If Oxford is the City of Spires, then Lucca is the City of Towers. (Towers which, in my humble opinion, outshine the iconic Leaning Tower in neighbouring Pisa.) Having spent three days exploring the nooks and crannies of each of the Cinque Terre’s picturesque villages, we were keen to make the most of our time in Italy and, at Laurence’s colleague’s suggestion, decided to spend our final full day in Lucca. It was a hop, skip and a train ride away from Manarola, and we felt it was a day well spent.
After picking up our customary breakfast pastries, we caught the 08:54 service to La Spezia, where we boarded a high-speed train to Viareggio. Arriving with just minutes to spare, we made our final connection and hopped aboard the local train to Lucca. With only a vague idea of what the city had to offer, we decided to simply go as the fancy took us.
Following the steady trickle of people through Porta San Pietro, we meandered down side streets and back alleys, eventually emerging in a piazza bordered with little cafés and pizzerias. Chiesa di San Michele in Foro commanded our attention, with its ornate façade and patterned, marble columns. (Can we have more jazzy columns like these over here, please?)
We happily wandered down winding streets, taking left turns and rights at random. Without a map and with every street looking (almost) identical to the last, it wasn’t long before we completely lost any sense of direction.
At this point, a map might have come in handy, but finding the tourist information point was as straightforward as escaping the Labyrinth of Crete – in other words, nigh on impossible. (We stumbled upon one completely by chance towards the end of the day, and it turned out that they’d relocated but hadn’t updated any of the signs or maps scattered across the city.) Enter, Lucca’s many towers: an unconventional but highly effective way of working out where on earth you are in this labyrinthine city.
Of all Lucca’s towers, my favourite – without a shadow of a doubt – was the Torre Guinigi, a gorgeous brick tower with oak trees growing on the roof. After purchasing tickets, we made our way up the many, many steps to the top of the tower.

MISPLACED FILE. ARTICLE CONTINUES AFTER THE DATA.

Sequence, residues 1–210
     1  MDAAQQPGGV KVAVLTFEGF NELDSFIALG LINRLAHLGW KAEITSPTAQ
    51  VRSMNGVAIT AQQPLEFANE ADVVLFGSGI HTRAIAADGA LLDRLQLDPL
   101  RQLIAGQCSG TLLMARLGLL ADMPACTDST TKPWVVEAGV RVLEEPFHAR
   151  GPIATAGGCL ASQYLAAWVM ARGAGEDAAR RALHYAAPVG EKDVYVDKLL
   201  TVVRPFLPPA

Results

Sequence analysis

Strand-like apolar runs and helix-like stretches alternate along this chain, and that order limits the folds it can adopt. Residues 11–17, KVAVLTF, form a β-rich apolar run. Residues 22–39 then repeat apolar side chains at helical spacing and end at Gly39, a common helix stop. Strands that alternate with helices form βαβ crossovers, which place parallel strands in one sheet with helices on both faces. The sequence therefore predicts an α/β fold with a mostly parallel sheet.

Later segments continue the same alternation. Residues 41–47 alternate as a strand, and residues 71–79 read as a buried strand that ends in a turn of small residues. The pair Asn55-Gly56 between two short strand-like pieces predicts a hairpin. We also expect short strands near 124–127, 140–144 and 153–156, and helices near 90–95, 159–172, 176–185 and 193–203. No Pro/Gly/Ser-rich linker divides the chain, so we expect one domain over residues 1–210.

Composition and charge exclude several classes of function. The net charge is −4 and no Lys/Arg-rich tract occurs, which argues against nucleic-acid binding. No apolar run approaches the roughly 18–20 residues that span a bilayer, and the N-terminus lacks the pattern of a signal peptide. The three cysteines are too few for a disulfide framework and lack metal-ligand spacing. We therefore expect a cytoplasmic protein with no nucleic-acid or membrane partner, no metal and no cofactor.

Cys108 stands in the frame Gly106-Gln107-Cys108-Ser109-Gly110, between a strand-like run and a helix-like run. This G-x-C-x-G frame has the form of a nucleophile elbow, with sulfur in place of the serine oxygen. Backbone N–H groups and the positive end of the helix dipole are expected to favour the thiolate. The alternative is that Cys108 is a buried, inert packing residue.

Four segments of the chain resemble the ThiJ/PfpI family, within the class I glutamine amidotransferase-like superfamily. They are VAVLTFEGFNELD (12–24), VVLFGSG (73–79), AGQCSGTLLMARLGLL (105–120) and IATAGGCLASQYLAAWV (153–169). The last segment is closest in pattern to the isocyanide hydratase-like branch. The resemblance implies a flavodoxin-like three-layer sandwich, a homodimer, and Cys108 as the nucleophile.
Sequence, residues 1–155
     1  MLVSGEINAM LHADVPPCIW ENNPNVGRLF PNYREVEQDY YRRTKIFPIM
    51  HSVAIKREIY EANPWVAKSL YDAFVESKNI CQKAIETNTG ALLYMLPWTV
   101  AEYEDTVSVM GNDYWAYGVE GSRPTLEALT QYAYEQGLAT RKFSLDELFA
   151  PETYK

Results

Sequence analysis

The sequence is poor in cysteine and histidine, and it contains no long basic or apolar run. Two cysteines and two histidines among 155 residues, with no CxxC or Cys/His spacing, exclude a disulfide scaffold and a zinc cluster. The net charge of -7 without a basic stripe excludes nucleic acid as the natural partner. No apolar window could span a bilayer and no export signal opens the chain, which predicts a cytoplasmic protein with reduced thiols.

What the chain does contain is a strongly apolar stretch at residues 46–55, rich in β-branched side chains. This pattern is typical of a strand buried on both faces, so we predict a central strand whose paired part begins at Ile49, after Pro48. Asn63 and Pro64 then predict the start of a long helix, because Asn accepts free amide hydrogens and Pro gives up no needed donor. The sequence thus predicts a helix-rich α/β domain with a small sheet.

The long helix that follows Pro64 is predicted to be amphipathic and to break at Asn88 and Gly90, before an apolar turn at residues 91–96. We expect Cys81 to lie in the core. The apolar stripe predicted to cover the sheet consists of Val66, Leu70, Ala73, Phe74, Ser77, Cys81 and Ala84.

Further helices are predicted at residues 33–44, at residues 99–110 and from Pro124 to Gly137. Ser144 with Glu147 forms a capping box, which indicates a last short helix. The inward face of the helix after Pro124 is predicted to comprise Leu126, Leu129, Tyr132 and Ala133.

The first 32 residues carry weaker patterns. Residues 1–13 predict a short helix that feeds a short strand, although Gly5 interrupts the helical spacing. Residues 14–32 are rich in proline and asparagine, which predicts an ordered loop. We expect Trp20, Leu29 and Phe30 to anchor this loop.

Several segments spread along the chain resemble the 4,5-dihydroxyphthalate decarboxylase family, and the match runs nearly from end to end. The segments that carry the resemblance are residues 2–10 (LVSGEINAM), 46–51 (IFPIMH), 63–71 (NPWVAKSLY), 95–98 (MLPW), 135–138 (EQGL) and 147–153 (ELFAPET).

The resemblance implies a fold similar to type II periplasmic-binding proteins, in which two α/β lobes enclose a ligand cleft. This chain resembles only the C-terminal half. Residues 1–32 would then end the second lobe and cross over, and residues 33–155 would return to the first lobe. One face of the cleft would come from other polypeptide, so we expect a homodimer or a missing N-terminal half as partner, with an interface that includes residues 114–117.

From above, Lucca is a patchwork of red-roofed, pastel-coloured buildings. Stone towers dot the cityscape; a bricks-and-mortar reminder of rivalries between wealthy families. Many moons ago, well-to-do families built their own private defence towers, a symbol of status and wealth. Centuries ago, there were almost two hundred and fifty towers; today, only nine remain.
Once a Roman amphitheatre, today the Piazza Anfiteatro is home to gift shops galore and any number of (overpriced) restaurants and cafés. Its distinctive oval shape made it easy to spot from atop the Torre Guinigi.
Framed by woodland and mountains, the surrounding landscape is every bit as scenic as the Cinque Terre further up the coast.
Having just about got our bearings, we set about finding sustenance; slices of pizza fitted the bill, both metaphorically and literally. (Naturally, we followed those up with a tasty gelato later in the day.)
Once we’d finished munching, we set off for the Orto Botanico on the other side of town. We hadn’t yet explored the city’s walls, so decided to take to the ramparts and loop around the city to reach the botanical garden. The wide, tree-lined Passeggiata delle Mura Urbane forms a circuit around the ramparts, with a different tree species planted on each side.
We’d purchased a combi ticket to the Torre Guinigi and Orto Botanico, though by early October the botanical garden was somewhat lacking in, well, plants. Or rather, exciting plants. If lots of trees and green bushes is your jam, you’ll be fine. If you’re looking for something more, well, maybe you’d be better coming in a different season.
With the afternoon slipping by and a train journey ahead of us, we decided it was time to make our way back to Manarola – and the inevitable chore of bag-packing that comes at the end of any trip.
- If possible, buy your train tickets from the counter. When we caught the train back from Lucca to Manarola, we initially went to the machines, which told us it would be €20 each. That was more than we’d paid on the way out, so we went to the counter where we were sold tickets for €11 each. Bingo.
- If you’re lucky enough to be in possession of a student card, you can make some useful savings on attractions in Lucca.